The priorities for future collecting are to develop the current strengths of the archival collections and develop the Archive as a world-class repository for
• British music of the 19th-21st centuries,
• Rugby League as a national and international sport,
• the history of Huddersfield and the surrounding area in the key areas of the arts, politics, education and women’s history.
Major acquisitions during 2015 include the archive of Mikron Theatre Company, the Charles Hippisley-Cox collection of British dance band music, and institutional records of the University of Huddersfield.
We are always interested in hearing from you if you have material we might interested in. While we are particularly interested in records that will fill the gaps we have currently in our collections we are are also interested in adding to those collections where coverage is better. For further information of what we collect see our Acquisition Policy. There is information on gifting or depositing archives with us here. [link updated November 2016]
We would appreciate your feedback on any key areas you feel we do not currently cover, or would like to access more information on. Please contact us with ideas and suggestions at firstname.lastname@example.org.
The acquisition of the Robert Blatchford Collection by the University Archives and Special Collections service demonstrates an on-going commitment to building political resources of both local and international significance at the University of Huddersfield. Robert Peel Glanville Blatchford (1851-1943) grew up in Halifax, and was a soldier, patriot, author and journalist who founded the weekly socialist newspaper The Clarion in 1891. Blatchford’s political beliefs created tensions within the International Labour Party, and his views on subjects including education, religion and war continued to be controversial throughout his life, even to his supporters, and may have influenced the unstable readership history of the Clarion throughout the early twentieth century. More than just a newspaper, it generated a dynamic ‘Clarion Movement’, through which socialist Britons formed social clubs embracing activities from cycling to Scouts, some of which have endured to the present day. An activist driven by his own beliefs, rather than bound by organisational loyalties, in the 1920s Blatchford became disillusioned with labour and eventually voted Conservative. Defiantly atheist, after a number of personal tragedies he turned to Spiritualism. He was also a steadfast patriot, and his love for his country is reflected throughout his work.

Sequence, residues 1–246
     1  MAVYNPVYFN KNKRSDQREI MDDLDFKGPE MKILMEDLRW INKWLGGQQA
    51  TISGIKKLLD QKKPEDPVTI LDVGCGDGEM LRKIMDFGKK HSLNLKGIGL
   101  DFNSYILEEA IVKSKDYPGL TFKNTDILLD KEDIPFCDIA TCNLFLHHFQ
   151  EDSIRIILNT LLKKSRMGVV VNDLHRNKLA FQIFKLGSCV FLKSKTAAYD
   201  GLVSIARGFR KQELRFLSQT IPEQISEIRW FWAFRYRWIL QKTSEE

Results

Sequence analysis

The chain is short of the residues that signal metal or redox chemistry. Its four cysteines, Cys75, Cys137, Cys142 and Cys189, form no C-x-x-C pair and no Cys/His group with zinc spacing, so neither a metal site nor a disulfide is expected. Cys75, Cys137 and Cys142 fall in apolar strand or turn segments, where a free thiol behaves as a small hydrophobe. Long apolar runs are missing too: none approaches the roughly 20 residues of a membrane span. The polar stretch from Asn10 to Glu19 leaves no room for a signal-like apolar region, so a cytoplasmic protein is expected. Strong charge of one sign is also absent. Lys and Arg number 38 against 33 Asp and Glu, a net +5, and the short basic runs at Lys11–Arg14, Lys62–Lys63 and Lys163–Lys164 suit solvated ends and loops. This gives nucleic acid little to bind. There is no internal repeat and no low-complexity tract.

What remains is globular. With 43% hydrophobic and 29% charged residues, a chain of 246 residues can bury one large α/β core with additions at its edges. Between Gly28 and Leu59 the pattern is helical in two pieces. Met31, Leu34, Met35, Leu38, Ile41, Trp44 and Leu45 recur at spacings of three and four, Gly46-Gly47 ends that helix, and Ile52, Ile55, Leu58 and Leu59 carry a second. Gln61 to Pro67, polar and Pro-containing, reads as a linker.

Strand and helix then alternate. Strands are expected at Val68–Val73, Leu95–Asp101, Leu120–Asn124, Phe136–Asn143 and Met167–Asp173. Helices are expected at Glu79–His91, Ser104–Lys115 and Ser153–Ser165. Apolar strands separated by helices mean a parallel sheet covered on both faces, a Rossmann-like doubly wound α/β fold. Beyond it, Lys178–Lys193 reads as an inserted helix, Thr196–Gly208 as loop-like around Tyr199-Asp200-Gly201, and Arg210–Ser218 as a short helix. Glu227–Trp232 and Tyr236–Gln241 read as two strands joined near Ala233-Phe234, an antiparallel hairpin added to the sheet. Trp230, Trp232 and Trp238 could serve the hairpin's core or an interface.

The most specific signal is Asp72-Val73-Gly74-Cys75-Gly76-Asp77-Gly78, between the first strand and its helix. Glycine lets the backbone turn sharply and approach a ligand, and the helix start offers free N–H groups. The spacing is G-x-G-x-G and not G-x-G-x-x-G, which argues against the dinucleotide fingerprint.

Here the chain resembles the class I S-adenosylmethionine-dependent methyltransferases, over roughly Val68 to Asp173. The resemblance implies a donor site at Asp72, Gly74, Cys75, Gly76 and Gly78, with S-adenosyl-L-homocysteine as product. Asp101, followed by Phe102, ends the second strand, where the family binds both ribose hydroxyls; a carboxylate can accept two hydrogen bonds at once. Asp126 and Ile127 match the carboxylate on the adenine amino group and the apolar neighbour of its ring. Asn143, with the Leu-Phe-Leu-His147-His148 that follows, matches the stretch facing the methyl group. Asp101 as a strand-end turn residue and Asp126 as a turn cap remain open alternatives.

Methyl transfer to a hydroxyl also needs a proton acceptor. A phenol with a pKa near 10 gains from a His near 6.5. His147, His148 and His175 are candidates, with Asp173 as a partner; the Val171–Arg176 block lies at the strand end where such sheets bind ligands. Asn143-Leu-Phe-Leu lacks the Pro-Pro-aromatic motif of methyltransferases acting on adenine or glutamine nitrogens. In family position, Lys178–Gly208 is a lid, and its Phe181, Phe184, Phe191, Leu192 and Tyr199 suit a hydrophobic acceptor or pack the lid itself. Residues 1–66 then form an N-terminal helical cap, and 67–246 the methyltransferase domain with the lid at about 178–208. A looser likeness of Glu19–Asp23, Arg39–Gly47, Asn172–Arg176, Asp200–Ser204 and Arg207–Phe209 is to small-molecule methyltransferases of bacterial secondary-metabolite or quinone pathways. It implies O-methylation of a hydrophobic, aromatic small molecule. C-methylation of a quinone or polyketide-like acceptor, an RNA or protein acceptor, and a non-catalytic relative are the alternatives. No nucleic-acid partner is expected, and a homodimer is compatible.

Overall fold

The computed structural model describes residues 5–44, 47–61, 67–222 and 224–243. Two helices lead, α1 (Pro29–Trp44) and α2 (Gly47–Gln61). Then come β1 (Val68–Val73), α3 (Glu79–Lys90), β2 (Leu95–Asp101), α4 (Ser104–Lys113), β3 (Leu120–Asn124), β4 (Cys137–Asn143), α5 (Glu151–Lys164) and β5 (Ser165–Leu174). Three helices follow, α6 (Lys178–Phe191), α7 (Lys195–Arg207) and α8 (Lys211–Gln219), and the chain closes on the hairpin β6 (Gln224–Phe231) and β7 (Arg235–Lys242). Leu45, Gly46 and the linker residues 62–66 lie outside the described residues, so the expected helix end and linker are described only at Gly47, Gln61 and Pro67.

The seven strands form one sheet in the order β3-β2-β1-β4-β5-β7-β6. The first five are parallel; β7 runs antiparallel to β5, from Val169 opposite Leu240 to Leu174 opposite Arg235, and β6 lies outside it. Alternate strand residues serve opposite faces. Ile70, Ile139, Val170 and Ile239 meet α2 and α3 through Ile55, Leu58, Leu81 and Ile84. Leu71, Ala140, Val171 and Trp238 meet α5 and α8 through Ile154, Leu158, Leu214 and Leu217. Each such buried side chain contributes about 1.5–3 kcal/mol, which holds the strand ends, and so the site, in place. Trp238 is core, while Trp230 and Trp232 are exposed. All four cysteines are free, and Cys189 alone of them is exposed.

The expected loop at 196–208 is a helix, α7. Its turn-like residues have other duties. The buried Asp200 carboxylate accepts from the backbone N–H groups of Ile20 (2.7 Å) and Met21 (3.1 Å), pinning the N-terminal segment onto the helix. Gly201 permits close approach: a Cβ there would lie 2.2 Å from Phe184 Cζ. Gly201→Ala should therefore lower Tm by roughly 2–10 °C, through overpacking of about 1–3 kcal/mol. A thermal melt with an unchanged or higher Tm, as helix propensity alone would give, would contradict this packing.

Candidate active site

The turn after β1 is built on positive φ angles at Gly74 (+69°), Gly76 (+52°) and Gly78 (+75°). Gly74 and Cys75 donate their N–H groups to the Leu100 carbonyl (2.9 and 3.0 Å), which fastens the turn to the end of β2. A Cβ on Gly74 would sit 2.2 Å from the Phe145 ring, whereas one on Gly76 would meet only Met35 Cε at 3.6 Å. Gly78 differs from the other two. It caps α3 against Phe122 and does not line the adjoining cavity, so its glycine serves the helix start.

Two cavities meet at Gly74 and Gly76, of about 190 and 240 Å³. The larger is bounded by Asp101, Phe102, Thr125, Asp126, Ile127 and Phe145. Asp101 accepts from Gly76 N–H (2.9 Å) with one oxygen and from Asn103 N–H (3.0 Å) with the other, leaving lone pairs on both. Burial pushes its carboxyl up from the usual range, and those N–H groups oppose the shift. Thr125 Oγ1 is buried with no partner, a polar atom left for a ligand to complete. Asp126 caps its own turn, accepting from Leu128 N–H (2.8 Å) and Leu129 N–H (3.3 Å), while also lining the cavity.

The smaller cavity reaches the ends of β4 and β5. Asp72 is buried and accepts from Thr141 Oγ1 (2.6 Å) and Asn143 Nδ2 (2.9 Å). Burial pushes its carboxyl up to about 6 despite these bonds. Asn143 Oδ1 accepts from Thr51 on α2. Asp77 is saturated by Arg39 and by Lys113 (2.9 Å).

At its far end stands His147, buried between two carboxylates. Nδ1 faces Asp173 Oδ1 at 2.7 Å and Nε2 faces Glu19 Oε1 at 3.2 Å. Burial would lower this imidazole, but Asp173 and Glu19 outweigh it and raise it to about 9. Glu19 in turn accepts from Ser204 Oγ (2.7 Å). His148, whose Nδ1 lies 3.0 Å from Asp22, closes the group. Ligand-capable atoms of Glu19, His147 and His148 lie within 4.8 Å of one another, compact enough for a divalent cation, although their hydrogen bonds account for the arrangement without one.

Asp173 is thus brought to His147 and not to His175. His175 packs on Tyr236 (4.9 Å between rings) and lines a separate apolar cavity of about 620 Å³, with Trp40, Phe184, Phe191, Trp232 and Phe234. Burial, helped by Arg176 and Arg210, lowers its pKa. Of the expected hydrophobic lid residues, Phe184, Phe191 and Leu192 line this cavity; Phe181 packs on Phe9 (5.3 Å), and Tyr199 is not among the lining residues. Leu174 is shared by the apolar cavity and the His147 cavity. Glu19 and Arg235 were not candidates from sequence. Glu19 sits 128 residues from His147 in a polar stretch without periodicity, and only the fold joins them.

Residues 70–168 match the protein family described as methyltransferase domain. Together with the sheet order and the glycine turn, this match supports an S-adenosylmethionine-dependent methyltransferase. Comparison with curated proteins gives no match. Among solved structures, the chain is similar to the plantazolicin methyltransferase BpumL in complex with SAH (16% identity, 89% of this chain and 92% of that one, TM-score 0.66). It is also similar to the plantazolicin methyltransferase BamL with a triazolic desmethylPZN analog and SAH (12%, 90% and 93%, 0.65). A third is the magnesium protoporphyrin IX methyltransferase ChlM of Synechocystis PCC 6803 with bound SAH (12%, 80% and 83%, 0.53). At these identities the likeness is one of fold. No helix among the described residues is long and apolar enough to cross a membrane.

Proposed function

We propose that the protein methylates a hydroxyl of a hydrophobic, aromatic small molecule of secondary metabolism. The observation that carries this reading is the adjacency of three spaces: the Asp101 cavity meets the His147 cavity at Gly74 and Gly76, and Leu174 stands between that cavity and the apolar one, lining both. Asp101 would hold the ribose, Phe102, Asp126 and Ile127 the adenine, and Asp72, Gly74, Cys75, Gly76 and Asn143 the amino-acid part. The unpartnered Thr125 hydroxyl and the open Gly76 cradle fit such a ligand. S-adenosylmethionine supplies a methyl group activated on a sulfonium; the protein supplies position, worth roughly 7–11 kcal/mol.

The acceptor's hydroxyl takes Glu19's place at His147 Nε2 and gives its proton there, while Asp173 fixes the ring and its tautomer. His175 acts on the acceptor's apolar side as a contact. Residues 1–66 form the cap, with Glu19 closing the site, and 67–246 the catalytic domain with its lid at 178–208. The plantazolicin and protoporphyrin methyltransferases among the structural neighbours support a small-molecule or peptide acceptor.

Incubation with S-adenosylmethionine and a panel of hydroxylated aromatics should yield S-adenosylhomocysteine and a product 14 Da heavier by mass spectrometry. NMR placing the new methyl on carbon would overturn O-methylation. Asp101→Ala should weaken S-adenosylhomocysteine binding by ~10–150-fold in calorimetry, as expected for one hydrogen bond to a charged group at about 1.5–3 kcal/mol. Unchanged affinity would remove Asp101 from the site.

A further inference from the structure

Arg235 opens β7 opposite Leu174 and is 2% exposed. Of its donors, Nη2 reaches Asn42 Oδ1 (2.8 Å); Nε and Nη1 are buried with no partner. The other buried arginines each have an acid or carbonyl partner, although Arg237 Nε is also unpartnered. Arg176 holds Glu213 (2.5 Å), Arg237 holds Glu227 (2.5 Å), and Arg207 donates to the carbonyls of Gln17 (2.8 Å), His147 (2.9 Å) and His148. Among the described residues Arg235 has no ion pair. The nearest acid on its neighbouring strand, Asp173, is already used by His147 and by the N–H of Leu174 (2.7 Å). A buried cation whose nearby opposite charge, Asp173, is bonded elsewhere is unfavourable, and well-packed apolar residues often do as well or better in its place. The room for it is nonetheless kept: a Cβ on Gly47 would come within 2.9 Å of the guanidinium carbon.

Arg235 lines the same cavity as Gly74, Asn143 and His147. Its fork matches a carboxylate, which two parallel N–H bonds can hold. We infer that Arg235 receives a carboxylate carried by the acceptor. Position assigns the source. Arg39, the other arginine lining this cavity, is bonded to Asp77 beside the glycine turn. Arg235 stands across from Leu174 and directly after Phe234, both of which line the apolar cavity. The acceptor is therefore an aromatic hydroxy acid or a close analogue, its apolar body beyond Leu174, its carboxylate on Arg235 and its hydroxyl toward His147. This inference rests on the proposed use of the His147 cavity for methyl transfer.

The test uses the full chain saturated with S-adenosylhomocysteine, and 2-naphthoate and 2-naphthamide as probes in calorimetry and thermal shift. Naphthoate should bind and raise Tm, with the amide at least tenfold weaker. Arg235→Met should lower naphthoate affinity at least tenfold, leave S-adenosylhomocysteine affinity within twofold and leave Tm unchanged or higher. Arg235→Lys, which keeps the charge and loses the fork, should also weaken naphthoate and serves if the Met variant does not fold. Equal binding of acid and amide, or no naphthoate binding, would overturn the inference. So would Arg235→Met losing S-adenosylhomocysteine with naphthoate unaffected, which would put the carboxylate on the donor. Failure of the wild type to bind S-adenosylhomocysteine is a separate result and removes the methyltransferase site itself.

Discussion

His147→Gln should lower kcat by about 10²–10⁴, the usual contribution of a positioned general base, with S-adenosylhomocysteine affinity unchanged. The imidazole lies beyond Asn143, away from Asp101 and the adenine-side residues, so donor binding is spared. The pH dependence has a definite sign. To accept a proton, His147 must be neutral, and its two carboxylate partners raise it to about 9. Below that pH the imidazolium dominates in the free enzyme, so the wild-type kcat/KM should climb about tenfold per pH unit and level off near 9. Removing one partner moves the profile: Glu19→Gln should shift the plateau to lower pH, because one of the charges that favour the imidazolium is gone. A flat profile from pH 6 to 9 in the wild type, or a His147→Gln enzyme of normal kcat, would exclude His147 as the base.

The archive relates to Blatchford’s professional and personal life, and includes a long, affectionate and witty correspondence with his two daughters about the personal and political issues of the day, and correspondence received by the sisters upon his death in 1943. It also contains copies of his books and publications, and a large number of articles written by or about him on his beliefs, from Socialism to Spiritualism and the impending threat from Germany during the 1930s. The collection comes to the university following the recent success of the second annual JH Whitley lecture in political history, and joins a core of important political archives reflecting the work of local MPs and the history of the Labour party and socialist politics in nineteenth and twentieth century West Yorkshire.
The collection was deposited by Lord David Clark, Baron Clark of Windermere, a former MP for the Colne Valley and previously a Senior Lecturer in Politics for the University of Huddersfield. Once catalogued, the collection will be available for consultation from Summer 2014 by appointment with the university archives.